This post is also available in: heעברית (Hebrew)

Security departments in the UK and Belgium are currently testing an artificial intelligence (AI) program that will take on the arduous task of sifting through potential evidence (a process that is usually completed manually) to help solve crimes. In fact, VALCRI (Visual Analytics for Sense-Making in Criminal Intelligence) was built from software originally designed to prepare trainee-astronauts for assignments in space.

Early versions of the system were developed 15 years ago by a company called Space Applications Services and its purpose was to train junior astronauts at the European Space Agency (ESA) Columbus research laboratory, a research facility attached to the International Space Station.

But programmers have also discovered a new use for the tech – security. The company developed a tool able to cope with most factual questions and to display the results. It became possible to find specific video feeds in surveillance cameras from thousands of hours of recordings.

The technology was also used for training crisis managers at airports for real-time decision-making. The staff were trained in a simulator to detect incidents and potential threats.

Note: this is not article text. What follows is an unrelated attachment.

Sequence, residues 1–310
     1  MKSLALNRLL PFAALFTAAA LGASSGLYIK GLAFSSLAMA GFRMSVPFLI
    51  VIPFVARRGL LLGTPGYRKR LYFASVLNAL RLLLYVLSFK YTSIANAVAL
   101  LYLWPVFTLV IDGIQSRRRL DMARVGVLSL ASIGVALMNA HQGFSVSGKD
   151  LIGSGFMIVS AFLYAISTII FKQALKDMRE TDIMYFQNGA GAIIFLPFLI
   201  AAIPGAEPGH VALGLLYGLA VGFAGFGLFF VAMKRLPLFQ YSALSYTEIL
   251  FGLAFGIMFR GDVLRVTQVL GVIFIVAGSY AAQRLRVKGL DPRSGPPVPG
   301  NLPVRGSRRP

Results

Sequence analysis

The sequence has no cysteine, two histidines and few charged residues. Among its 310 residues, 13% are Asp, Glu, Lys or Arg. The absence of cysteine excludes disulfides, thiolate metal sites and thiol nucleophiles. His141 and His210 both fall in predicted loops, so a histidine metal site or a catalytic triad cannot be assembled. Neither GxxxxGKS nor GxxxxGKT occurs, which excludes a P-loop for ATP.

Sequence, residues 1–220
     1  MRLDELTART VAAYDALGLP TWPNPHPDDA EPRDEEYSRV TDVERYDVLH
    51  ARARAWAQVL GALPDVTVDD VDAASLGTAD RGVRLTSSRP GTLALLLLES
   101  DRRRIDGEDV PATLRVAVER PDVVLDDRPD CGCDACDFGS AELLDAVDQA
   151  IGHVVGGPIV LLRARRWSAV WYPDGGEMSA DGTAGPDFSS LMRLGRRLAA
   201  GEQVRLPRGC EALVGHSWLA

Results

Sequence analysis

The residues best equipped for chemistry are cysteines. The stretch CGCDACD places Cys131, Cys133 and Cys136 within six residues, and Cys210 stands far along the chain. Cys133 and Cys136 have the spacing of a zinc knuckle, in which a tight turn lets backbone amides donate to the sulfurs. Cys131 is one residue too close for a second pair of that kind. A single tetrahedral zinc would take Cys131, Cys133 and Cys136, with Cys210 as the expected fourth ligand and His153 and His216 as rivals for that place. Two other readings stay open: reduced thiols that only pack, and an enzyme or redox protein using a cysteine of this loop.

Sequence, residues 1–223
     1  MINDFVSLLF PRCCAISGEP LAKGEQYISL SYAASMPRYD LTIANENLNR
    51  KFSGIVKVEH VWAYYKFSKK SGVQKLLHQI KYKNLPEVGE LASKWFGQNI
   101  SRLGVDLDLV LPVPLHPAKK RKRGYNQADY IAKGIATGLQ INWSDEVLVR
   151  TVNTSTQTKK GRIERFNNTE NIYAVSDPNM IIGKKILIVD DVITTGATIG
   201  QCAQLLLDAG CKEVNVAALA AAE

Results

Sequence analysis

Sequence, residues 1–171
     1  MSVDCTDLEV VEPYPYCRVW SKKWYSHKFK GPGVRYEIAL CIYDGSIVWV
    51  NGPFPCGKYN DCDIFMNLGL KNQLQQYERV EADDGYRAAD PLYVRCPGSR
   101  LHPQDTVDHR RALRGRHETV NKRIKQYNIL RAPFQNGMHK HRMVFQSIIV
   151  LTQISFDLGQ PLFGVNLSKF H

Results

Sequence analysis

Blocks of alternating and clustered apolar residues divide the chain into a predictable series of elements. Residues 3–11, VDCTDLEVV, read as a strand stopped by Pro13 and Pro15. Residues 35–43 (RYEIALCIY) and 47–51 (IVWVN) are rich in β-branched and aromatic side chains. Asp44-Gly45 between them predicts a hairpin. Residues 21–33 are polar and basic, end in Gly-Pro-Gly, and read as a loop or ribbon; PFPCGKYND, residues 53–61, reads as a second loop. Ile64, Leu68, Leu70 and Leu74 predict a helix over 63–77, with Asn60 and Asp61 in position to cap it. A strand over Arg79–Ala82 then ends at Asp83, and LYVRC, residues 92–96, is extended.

The semi-automated system scans huge amounts of data from a wide range of sources – such as written police records, footage and social media – within seconds, finding clues and connections that can help with the case. It may also help to speed along investigations and predict future crimes by drawing attention to information and connections humans miss, according to

The software does the laborious parts of a crime analyst’s job with a single click.

The tool combines machine-learning technology with visual analytics to allow for real-time analytic data interaction. During a trial held in the UK in 2017, funded by the European Union, the AI program analyzed three years’ worth of real but anonymized crime data, which amounted to roughly 6.5 million records in total. The next stage will be to use non-anonymized, new data in real-time i.e. when the crimes are taking place. Similar tests are also taking place in Antwerp, Belgium, and the software could become a commercial product by the middle of this year. The Belgian police are now evaluating it for cost-effective intelligence gathering and analysis, as reports.